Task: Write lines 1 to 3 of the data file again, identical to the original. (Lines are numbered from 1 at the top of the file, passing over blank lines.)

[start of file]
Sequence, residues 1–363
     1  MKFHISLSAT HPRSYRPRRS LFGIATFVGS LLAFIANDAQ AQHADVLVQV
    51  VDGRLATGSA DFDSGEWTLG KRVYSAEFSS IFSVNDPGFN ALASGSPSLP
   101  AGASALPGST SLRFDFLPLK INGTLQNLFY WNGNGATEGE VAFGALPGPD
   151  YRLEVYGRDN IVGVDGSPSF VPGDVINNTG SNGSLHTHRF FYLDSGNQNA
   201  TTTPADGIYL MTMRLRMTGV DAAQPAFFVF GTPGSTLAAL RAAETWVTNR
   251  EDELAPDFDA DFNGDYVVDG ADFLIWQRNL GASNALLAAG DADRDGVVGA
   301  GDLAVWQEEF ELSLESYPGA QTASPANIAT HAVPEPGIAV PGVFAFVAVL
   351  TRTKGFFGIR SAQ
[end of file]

Sequence, residues 1–363
     1  MKFHISLSAT HPRSYRPRRS LFGIATFVGS LLAFIANDAQ AQHADVLVQV
    51  VDGRLATGSA DFDSGEWTLG KRVYSAEFSS IFSVNDPGFN ALASGSPSLP